Grandfather remembers robbery that led to grandson's death
Moments after returning home Monday night, his grandson, Danilo Morales, 24, lay dying in the street.
Flores said he had parked his minivan behind the house when three youths emerged from the backyard shadows, at least one of them armed.
“Don’t cause trouble,” one of them told Flores in Spanish, using a term for trouble – “bulla” -- that is common in Central America, the family says.
Flores said he handed over his wallet, a chain and keys to the minivan. They threw his keys away. He was trying to remove a bracelet when he yelled, “They’re robbing me,” then dove to the side. One of the youths fired a bullet that hit the back door of his house.
The commotion alerted several family members inside the house. Danilo Morales bounded out the front door and after the young assailants, who had run to an SUV around the corner.
Morales caught up to them as they were speeding off. He swung his fist at their rear window.
“It broke,” said Jose Avila, his cousin, “and that’s when they shot him.”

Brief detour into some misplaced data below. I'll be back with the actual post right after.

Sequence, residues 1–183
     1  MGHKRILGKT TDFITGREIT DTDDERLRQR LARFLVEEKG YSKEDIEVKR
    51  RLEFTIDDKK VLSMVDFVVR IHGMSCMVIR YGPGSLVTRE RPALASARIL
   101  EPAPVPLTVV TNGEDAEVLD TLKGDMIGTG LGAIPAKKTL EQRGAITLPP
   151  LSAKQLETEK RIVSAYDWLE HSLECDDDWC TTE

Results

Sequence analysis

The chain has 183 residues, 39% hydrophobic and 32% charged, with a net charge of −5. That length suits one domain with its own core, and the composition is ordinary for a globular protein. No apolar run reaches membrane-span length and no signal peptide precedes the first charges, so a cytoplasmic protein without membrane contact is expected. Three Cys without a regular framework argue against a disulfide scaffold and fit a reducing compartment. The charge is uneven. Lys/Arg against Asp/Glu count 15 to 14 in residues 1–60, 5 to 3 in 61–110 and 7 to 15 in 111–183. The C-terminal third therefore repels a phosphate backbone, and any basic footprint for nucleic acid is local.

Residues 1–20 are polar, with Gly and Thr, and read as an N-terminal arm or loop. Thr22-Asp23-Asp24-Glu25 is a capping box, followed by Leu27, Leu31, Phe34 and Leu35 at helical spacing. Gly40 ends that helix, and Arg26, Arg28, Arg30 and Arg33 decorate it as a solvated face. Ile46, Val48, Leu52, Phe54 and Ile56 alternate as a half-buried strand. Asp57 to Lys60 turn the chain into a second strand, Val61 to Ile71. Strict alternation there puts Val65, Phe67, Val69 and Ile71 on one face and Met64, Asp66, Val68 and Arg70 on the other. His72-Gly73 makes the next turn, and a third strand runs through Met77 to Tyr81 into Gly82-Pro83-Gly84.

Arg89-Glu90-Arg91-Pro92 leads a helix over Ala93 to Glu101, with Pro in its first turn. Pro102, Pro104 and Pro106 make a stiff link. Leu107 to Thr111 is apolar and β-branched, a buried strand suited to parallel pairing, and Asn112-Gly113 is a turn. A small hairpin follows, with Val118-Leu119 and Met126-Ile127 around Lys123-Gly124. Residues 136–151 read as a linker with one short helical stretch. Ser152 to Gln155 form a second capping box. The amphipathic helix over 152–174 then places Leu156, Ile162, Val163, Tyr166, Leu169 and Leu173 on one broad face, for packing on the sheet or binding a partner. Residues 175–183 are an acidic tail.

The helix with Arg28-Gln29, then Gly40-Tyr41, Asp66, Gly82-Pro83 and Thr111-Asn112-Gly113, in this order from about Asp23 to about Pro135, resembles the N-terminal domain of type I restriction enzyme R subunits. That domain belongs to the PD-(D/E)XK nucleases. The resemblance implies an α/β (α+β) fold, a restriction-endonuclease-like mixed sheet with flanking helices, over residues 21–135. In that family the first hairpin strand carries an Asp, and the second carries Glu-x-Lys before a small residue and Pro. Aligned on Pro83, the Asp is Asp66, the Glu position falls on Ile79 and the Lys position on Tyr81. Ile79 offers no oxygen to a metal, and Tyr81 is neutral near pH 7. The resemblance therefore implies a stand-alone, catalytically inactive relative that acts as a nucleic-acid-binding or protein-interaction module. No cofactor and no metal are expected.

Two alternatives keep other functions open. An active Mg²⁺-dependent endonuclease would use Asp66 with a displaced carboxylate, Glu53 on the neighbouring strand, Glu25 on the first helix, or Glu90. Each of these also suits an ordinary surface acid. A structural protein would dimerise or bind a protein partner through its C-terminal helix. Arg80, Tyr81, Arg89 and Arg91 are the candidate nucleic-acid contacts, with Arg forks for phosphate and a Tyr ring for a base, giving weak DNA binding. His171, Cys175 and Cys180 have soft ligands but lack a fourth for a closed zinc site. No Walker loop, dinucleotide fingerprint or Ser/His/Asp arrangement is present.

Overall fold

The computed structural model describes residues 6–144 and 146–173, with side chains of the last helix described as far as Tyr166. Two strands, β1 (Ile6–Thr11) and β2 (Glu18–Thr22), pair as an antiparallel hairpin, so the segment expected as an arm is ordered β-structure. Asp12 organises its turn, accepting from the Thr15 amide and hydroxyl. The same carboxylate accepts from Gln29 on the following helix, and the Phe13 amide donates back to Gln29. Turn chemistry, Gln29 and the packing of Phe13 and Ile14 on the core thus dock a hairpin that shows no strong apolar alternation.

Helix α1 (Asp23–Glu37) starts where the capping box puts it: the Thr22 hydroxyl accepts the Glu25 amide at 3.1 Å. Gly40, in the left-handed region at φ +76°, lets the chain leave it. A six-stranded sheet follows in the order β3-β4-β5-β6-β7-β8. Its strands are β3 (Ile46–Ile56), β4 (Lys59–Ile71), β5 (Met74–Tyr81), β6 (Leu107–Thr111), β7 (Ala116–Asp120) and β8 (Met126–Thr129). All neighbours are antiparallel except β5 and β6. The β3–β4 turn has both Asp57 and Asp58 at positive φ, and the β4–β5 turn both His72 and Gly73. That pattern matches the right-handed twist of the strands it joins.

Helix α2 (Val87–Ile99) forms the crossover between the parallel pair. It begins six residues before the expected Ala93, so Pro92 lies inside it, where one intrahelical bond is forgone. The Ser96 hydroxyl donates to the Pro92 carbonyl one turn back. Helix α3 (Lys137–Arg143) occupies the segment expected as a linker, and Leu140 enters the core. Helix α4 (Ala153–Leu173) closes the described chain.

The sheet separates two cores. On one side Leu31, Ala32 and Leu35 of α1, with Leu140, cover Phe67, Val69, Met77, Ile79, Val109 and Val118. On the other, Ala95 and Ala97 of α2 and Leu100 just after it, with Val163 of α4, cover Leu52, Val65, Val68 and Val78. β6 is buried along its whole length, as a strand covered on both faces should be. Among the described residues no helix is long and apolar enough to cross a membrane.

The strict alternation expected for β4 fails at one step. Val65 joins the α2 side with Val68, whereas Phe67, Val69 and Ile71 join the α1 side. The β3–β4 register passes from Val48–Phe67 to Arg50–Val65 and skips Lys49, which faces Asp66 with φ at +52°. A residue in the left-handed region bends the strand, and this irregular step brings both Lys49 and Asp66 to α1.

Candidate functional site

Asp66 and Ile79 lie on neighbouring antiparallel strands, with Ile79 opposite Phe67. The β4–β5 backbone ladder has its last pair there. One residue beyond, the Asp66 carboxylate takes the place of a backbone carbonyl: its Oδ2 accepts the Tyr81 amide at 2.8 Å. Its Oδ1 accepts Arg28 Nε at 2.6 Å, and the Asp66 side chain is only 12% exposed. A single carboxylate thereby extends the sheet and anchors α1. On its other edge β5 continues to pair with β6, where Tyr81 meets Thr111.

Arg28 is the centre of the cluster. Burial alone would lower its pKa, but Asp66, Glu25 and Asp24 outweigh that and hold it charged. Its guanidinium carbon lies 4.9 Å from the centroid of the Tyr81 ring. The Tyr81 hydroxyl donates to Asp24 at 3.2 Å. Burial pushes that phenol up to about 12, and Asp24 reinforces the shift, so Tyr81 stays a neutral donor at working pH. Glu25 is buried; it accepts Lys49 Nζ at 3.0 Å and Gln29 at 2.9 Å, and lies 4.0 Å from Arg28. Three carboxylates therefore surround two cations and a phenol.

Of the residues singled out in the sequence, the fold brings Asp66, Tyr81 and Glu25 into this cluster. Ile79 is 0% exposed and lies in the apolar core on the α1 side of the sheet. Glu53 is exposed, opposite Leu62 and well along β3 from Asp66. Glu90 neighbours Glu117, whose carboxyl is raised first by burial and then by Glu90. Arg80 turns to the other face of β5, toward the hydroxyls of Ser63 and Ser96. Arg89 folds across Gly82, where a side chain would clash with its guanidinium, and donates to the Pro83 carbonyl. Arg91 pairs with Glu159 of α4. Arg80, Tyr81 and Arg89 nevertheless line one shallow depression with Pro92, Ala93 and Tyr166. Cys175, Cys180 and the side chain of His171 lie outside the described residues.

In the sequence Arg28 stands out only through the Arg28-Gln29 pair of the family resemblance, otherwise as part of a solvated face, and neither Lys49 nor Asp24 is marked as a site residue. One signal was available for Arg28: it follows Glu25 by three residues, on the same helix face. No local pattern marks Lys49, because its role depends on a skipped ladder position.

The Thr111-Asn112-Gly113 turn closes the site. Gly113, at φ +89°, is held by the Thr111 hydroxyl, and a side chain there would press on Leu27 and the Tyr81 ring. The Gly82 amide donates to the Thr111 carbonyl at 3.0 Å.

The bullet hit Morales in the head and he died near that alley as the youths sped off in what police are describing as a white Mitsubishi Montero with red stripes.
On Tuesday, a memorial of candles and flowers stood a few feet from the place where Morales fell. Mourners described Morales as a young man with some ambition and as a talented soccer goalie.
All day Tuesday, television news vans lined Coldwater Canyon Avenue in front of the family home, as family and friends descended on the Flores clan with food and embraced relatives.
“If it was me, I probably would have done the same thing,” said Jose Avila, Morales' cousin, as he stood yards from his grandfather, who sat grieving under a patio awning. “He was trying to protect his family.”
-- Sam Quinones
Photo: Manuel Flores at his Sun Valley home. Credit: Sam Quinones/Los Angeles Times